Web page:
Toward this end, the Arizona legislature seeks to bar anything that might resemble anything pertaining to anything that might match up with anything this Nonbinding Declaration of Vaguely Foreign Notions might have addressed. Detractors point out that in this zeal, the language effectively bars, well, a large percent of the functions of government. I might also point out that it is, aside from that, written as batshit crazy conspiracy theorizing (PDF):
"The state of Arizona and all political subdivisions of this state shall not adopt or implement the creed, doctrine, principles or any tenet of the United Nations Rio Declaration on Environment and Development and the Statement of Principles for Sustainable Development adopted at the United Nations Conference on Environment and Development held in Rio de Janeiro, Brazil in June, 1992 or any other international law that contravenes the United States Constitution or the Constitution of Arizona."
By definition, even the most sinister-sounding non-binding U.N. resolution does not contravene the United States Constitution, nor that of Arizona; the non-binding
part would be the first clue there. You might as well pass a law declaring that fortune cookies shall not be construed as contravening U.S. law, it'd make as much legislative sense (ed. note: in bed
.) So that part could have been left out. The rest of it, though, is ... problematic. It essentially bars any action on Arizona's part if it could be construed as aligning with the "principles" or "tenets" of the Worldwide Marmot Conspiracy. Given the extreme abstraction of said conspiracy, it's difficult to find much that would not apply.
That blanket ban on anything addressing pollution, poverty, or the environment would seem to make the next portion of the proposed law entirely redundant. It seems there mostly as an opportunity to showcase the deviousness of the conspiracy:
"Since the United Nations has enlisted the support of numerous independent, shadow organizations to surreptitiously implement this agenda around the world, the state of Arizona and all political subdivisions are prohibited from implementing programs of, expending any sum of money for, being a member of, receiving funding from, contracting services from, or giving financial or other forms of aid to the International Council for Local Environmental Initiatives or any of its related or affiliated organizations including Countdown 2010, Local Action for Biodiversity, European Center for Nature Conservation, the International Union for Conservation of Nature, and the President's Council on Sustainable Development, enacted on July 19, 1993 by Executive Order 12852."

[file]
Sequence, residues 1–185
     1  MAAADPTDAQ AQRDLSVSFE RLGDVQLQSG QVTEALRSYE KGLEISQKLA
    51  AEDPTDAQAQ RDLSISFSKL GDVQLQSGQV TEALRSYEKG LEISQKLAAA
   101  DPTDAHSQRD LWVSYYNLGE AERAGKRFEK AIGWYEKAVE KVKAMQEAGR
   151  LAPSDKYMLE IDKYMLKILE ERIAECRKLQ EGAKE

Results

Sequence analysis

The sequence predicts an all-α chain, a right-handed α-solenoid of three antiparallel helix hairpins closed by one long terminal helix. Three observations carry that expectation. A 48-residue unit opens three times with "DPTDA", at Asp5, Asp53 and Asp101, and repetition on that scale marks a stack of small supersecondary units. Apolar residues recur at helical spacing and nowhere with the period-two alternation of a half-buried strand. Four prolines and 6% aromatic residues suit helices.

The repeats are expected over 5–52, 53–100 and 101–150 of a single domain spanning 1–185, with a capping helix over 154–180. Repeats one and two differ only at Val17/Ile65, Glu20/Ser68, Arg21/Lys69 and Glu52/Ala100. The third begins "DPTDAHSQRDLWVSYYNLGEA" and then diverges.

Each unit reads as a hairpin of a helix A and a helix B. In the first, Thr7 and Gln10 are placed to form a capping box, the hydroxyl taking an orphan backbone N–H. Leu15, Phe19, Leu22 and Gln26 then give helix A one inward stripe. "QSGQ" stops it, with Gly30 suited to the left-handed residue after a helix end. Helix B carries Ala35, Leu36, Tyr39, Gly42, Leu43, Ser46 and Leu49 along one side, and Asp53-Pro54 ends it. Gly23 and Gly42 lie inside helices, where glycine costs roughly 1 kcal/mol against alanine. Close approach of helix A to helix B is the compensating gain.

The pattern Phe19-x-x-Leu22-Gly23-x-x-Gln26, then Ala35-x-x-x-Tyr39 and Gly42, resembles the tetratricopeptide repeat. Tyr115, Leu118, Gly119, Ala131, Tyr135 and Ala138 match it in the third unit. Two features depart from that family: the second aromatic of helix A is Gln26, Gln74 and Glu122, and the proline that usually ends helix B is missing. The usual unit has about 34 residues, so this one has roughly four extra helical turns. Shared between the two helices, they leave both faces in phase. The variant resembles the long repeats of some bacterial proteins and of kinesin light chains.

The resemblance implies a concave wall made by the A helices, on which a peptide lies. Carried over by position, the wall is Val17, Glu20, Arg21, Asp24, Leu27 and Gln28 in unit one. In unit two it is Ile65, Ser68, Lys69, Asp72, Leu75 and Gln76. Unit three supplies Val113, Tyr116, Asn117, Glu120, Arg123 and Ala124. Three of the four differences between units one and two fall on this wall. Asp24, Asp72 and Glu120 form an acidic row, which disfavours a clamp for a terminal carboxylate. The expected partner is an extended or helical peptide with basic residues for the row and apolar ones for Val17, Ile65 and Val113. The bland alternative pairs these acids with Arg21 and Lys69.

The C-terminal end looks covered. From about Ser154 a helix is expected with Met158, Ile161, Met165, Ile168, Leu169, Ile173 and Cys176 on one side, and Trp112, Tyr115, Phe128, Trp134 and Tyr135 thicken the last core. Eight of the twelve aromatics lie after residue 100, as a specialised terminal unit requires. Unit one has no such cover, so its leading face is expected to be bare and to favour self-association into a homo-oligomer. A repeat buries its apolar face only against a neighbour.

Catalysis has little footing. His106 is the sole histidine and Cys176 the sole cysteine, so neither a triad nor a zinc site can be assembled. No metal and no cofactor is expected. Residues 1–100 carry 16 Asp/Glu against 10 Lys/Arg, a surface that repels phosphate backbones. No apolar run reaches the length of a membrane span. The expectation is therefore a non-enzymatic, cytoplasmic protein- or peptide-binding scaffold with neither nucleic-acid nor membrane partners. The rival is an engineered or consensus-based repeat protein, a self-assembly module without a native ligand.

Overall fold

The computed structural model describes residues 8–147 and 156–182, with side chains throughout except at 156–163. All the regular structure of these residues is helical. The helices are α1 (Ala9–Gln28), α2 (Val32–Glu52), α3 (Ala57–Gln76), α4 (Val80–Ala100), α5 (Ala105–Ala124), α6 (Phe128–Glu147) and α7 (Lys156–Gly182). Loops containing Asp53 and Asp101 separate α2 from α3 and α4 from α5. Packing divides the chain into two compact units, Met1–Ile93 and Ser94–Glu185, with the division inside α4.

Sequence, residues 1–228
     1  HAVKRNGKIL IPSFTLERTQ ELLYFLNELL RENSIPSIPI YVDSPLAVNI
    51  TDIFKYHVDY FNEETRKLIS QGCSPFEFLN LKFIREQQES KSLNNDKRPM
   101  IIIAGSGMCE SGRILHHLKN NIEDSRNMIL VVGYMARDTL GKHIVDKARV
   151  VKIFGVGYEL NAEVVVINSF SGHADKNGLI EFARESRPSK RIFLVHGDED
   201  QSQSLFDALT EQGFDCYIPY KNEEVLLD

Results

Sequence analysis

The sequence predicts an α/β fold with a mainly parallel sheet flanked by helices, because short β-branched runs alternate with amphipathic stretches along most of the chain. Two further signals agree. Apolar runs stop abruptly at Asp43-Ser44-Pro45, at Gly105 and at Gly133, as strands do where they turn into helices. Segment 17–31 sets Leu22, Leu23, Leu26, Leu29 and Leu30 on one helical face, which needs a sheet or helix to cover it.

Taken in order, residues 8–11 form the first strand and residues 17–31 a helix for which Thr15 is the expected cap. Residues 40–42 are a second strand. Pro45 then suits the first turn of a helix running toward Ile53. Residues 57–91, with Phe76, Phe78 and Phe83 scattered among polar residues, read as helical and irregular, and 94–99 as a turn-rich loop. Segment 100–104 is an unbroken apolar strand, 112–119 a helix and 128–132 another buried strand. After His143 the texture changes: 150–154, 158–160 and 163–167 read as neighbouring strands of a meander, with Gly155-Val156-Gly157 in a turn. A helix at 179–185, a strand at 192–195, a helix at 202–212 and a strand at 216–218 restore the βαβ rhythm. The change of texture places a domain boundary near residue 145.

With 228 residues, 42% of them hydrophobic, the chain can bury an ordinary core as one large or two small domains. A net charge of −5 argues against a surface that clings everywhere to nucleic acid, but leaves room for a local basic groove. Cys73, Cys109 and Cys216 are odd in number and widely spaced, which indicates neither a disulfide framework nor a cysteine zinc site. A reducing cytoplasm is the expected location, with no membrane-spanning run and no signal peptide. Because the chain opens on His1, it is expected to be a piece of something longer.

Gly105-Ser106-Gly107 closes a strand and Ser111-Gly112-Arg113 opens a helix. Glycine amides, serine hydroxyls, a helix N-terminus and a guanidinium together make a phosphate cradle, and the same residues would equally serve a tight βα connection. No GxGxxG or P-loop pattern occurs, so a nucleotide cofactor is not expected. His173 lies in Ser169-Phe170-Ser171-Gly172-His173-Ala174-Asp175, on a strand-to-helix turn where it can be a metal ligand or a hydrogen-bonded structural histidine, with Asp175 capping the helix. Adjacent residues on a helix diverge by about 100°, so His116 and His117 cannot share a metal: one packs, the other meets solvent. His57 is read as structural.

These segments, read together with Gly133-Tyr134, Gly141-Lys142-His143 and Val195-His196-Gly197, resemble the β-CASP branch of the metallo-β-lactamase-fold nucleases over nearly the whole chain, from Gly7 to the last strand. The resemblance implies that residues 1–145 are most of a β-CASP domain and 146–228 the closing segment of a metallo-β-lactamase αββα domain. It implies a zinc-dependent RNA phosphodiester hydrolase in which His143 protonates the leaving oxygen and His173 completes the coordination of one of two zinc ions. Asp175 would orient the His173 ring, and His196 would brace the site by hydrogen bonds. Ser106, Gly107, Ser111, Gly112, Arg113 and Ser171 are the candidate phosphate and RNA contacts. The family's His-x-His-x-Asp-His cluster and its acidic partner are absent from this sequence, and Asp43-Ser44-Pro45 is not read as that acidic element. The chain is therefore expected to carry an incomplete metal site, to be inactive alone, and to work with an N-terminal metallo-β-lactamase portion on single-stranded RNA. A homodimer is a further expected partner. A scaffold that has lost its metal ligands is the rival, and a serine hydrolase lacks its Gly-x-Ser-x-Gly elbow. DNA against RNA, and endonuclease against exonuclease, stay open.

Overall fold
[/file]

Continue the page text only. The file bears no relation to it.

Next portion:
This would hardly seem a definitive list of sinister U.N. shadow organizations
, but it gets the job done, peppering the bill with dangerous-sounding words such as biodiversity
, and 1993
. So, you know, don't get money from that
. Or associate with them in any way. You may think the President's Council on Sustainable Development would have shown their true colors by now, after nearly 20 years of doing things
, but it is more likely that they are just lying in wait, plotting for the day when they can bring the tyranny of one or more non-binding U.N. resolutions down upon the heads of all mankind.
This, too, is the hallmark of any decent conspiracy theory. The enemy must be all-powerful and omnipresent, but also be so completely incompetent as to not actually manage to do much of anything. This lack of tyranny is taken as proof of deeper tyranny, turning the apparent powerlessness or dullness of the organization into a perceived asset, if not an outright superpower.
There are two interpretations of this proposed law barring Arizona from following any "principle" or "tenet" of environmental or social justice laws if sneaky-minded furriners thought of them first. The first interpretation would deem the law stupid and meaningless. The second would deem it stupid, but not at all meaningless; because of the all-encompassing nature of the law, observers point out that it would block nearly anything government did. An Arizona Daily Sun editorial puts it this way:
Then there is SB1507, which asserts that most of the world is under the thumb of a United Nations directive to manage natural resources sustainably, clean up pollution and improve energy efficiency.
Oh, and eradicate poverty and hunger, too.
The cure for this sinister attempt to impose a single, worldwide government is to allow any Arizona citizen to sue any government agency that supports any of those goals.
We are not making this up.
When you've gotten to the point where state newspapers feel the need to include the phrase we are not making this up
, when talking about proposed state laws, you know things have gone fairly convincingly off the rails.